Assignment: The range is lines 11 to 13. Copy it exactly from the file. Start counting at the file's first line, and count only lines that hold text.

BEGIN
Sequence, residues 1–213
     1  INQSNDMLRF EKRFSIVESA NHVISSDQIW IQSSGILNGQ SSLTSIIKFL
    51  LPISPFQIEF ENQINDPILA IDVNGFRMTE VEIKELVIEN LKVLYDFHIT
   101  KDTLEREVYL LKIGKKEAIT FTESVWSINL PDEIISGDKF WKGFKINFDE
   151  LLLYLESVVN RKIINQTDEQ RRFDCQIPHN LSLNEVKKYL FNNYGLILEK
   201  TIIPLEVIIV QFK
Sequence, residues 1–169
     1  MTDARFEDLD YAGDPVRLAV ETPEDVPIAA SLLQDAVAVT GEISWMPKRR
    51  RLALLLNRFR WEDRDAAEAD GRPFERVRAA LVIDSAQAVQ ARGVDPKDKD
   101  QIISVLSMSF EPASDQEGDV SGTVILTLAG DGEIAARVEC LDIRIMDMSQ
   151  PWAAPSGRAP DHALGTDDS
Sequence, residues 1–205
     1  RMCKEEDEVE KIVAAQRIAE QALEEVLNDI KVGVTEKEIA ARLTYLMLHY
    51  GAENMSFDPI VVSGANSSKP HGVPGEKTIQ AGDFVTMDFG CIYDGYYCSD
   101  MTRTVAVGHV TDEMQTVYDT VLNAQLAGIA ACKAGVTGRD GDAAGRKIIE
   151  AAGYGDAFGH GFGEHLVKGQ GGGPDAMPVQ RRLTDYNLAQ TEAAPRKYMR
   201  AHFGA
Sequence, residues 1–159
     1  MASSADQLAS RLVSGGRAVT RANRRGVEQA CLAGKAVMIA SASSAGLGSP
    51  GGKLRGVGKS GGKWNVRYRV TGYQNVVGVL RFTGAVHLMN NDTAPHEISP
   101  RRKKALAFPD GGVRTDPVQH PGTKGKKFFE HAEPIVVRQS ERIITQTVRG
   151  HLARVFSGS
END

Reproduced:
   151  PWAAPSGRAP DHALGTDDS
Sequence, residues 1–205
     1  RMCKEEDEVE KIVAAQRIAE QALEEVLNDI KVGVTEKEIA ARLTYLMLHY